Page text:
Marshall At ‘Historic’ Electoral College Meeting, Votes For Gore
City Councilmember Helen Marshall journeyed to Albany on Monday for the New York State College of Electors meeting, which couldn’t have been as happy an occasion for her as in 1992 and 1996.
On those previous visits she cast votes for William Jefferson Clinton’s first and second elections as president of the United States. On Monday, she cast her vote for Al Gore, but knew it would not help elect him president since President-elect George W. Bush has the majority of electoral votes committed to him.
Marshall, commenting on her service as a presidential elector, stated: "This is my third time to have been granted the privilege to serve as a member of the College of Electors. While this has always been a very profoundly important procedure, the situation surrounding the certification of the next president of our country, as well as the events unfolding in Florida, have highlighted its significance and I am delighted to be here voting for Al Gore in this historic election."
Marshall, a former member of the National Democratic Committee, was one of 33 electors appointed by the state Democratic organization. The number is determined by the number of Congressmembers and the two United States Senators. Republicans had also appointed 33 electors, but the Dems got to vote as electors because Gore defeated Bush in this state.
The electors’ votes have been sent to Washington and will be opened and tabulated on Jan. 6th.
Ironically, Gore, as president of the Senate, will preside at the counting of the ballots at a joint meeting of the new House and Senate and then announce officially that Bush is the new president of the United States.
Meanwhile, the state’s Democratic leader, Judith Hope, said before the electors met to vote that the Electoral College system should be changed to "something that is more reflective of the popular will of the people."
In the Nov. 7th election, that was shown to be Gore, who defeated Bush by more than 300,000 votes.
Hope said the Electoral College idea was good for the period when it was enacted because the population then was concentrated in a few large cities whose votes could control the election of a president. But now, "the population of this country is much more evenly distributed," she said.
WANTS A ‘BIPARTISAN’ BUSH: U.S. Senator Charles Schumer, one of the state’s two Democratic senators (Hillary Rodham Clinton is the other one), said on Sunday that President-elect Bush should adopt a policy of bipartisanship in his administration, following up on one of his campaign themes.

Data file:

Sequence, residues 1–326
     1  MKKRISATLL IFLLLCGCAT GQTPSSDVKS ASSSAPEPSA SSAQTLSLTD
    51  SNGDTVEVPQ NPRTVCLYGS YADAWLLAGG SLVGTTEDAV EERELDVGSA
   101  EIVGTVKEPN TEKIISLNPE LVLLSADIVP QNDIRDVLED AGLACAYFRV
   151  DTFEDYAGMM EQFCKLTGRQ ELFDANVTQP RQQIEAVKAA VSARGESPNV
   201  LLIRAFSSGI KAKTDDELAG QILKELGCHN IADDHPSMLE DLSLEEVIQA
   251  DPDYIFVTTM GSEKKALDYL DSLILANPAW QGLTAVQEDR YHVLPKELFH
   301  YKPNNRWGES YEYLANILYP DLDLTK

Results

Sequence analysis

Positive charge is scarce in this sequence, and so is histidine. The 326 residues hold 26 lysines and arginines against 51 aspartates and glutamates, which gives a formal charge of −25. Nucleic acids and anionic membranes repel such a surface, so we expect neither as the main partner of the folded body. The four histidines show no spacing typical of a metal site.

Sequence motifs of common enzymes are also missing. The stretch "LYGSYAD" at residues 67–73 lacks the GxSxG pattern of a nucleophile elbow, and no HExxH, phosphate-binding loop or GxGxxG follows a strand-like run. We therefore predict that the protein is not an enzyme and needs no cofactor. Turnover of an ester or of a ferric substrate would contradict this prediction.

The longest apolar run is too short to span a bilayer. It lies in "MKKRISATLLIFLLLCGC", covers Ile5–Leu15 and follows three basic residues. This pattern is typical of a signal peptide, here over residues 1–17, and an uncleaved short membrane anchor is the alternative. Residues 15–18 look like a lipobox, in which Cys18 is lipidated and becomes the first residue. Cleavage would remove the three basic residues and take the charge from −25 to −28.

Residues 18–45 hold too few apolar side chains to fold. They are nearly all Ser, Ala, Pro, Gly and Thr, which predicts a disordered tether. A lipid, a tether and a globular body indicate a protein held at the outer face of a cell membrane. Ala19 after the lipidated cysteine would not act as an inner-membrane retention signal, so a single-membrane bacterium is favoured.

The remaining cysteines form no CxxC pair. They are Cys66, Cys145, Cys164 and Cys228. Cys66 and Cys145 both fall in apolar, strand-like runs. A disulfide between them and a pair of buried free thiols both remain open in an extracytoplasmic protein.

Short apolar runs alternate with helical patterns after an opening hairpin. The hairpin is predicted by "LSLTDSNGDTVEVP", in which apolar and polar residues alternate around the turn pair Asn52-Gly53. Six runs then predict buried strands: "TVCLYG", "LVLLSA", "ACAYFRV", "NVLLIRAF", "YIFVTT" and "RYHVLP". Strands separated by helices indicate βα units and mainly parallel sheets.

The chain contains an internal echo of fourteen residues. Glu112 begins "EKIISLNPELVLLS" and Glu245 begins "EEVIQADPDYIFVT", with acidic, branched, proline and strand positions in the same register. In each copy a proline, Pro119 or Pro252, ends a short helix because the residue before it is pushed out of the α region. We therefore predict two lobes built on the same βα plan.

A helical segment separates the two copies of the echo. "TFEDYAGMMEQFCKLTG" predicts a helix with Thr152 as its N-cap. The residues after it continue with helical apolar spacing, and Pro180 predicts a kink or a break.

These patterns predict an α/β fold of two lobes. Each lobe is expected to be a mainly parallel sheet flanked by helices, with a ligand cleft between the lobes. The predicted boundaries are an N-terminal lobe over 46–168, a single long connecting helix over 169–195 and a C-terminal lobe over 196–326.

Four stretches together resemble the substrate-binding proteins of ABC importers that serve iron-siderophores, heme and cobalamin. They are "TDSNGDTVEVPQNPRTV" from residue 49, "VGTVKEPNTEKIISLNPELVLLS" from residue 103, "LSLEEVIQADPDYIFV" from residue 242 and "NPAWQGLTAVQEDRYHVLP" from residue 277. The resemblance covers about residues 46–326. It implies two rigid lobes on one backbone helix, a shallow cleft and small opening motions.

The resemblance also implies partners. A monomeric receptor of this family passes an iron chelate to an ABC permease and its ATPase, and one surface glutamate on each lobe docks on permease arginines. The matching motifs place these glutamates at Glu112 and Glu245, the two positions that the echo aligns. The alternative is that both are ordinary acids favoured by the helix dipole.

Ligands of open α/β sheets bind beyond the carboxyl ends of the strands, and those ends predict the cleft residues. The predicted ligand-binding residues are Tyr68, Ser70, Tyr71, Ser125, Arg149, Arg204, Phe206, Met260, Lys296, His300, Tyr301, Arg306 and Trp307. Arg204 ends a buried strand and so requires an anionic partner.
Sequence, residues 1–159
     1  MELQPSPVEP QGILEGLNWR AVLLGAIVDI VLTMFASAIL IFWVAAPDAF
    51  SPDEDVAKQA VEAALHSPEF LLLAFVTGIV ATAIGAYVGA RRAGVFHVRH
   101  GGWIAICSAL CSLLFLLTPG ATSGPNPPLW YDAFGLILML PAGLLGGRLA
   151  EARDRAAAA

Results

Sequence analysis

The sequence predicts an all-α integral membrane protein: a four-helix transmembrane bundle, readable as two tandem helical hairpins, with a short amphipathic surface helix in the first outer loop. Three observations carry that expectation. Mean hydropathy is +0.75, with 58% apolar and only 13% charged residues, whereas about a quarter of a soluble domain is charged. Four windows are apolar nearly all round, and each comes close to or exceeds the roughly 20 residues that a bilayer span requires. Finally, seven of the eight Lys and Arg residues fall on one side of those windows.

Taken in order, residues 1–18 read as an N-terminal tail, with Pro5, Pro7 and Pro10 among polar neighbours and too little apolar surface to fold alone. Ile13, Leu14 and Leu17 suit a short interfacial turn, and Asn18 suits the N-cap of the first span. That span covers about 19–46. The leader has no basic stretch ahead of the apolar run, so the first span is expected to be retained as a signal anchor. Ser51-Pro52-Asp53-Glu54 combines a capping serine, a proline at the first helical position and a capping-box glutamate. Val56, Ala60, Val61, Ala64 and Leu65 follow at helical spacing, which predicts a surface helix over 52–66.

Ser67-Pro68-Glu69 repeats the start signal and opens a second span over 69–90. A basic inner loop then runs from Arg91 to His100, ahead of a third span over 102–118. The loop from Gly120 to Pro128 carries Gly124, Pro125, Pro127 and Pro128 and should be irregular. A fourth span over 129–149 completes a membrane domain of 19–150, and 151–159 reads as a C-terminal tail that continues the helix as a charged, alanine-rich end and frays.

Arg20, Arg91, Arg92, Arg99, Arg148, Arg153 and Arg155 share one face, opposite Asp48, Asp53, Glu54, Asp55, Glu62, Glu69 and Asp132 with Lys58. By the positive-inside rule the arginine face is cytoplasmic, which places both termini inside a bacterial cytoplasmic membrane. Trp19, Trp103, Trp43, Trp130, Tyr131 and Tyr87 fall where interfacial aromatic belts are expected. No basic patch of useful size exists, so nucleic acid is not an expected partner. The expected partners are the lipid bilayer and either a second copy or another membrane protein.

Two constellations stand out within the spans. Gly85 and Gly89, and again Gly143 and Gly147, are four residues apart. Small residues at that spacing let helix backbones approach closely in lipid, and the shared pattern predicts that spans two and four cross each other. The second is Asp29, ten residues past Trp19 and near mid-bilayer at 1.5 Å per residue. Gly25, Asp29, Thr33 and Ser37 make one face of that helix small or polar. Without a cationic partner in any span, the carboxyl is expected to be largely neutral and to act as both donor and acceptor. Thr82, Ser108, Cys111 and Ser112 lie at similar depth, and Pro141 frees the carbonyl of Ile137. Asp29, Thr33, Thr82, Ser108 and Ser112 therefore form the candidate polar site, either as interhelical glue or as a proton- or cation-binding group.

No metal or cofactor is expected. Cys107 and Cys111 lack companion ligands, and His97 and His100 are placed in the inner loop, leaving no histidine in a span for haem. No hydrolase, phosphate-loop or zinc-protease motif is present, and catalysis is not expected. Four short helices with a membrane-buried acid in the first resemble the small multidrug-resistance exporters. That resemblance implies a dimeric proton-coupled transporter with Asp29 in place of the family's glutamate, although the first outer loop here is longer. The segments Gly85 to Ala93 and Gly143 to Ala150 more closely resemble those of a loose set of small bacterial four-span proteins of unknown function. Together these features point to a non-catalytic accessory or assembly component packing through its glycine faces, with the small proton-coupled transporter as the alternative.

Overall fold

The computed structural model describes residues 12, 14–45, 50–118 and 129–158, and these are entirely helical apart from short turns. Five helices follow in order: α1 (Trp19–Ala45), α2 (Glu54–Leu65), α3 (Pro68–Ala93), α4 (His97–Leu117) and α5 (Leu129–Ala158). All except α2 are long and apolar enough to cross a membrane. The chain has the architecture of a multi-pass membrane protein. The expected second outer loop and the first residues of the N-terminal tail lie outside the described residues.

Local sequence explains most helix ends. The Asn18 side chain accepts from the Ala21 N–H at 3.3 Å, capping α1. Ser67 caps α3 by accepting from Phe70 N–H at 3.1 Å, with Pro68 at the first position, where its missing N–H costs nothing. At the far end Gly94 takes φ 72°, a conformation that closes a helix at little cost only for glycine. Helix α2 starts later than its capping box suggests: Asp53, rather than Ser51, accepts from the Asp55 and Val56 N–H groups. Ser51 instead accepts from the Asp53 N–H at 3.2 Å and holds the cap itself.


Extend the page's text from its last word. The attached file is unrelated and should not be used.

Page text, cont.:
As part of that policy, Schumer said, the new president should support the rail linkup of the Long Island Rail Road into Grand Central Station. Schumer also urged Bush to support campaign finance reform, increase access to generic drugs, make college tuition tax deductible and create a bipartisan energy commission.
PRESTIGIOUS MEDAL FOR MANTON: Former Congressmember Thomas Manton, a past Grand Marshal of the St. Patrick’s Day Parade and a true son of the Auld Sod, is to receive a medal from the Parade Committee at a ball following this year’s march on Mar. 17th.
The 68-year-old Queens Democratic Party chairman with characteristic humility said the award was "a nice honor within the Irish community."
The former Marine has been involved in the parade for many years besides being Grand Marshall. Manton said the medal represents "all other things Irish." He has devoted himself to Irish causes in a career as a New York City cop, attorney, City Councilmember and member of Congress.
Manton will be the second recipient of the honor. The first to receive it was the late Cardinal John O’Connor last year. Manton is in good company.
Last year the parade committee and its sponsor, the Friendly Sons of St. Patrick, held an inaugural St. Patrick’s Day ball the night of the 240-year-old parade at the Waldorf-Astoria Hotel. This year’s ball will be held there, too.
VALLONE URGES MORE CHILD CARE BENEFITS: Responding to a City Council resolution last August, the Agency for Child Development (ACD) raised income requirements to qualify for child care coverage and also updated the fee schedule.
Last week, Council Speaker Peter Vallone (D–Astoria) asserted these measures weren’t enough. "Only by raising income requirements across the board can the city increase the number of working families who should be eligible for subsidized care," he declared.
Vallone and child care advocates say the state-run ACD should raise the income eligibility ceiling for subsidized child care up to 275 percent of the federal poverty level.
Under Vallone’s leadership, the Council passed landmark legislation to improve the quality of subsidized child care; approved $1.5 million for child care services, and allocated $25 million in capital funding for childcare facilities.
LEFFLER ASKS FOR HOME-HEATING HELP: Citing the recent cold weather and continually rising oil and gas prices, Councilmember Sheldon Leffler (D–Queens Village) renewed his call for Council action on his bill to ask the state legislature to temporarily eliminate the state’s portion of the sales tax collected on home heating oil sales. The bill also seeks permission for the city to eliminate its share of the tax on energy products.
Pleading for the relief, Leffler said, "Home heating oil and natural gas have shown such significant increases that families will have to pay a great deal more money out of pocket in order to insure that their homes are safely and adequately heated this winter."
MCLAUGHLIN LAUNCHES SEASON: The traditional seasonal celebration in Flushing was launched last Wednesday by Assemblymember Brian McLaughlin (D-Flushing) in Bowne Park with the lighting of a Christmas tree and the Menorah lighting. "Throughout the year, I look forward to celebrating the holidays with my friends and neighbors in Flushing," McLaughlin said at the Christmas and Chanukah celebration.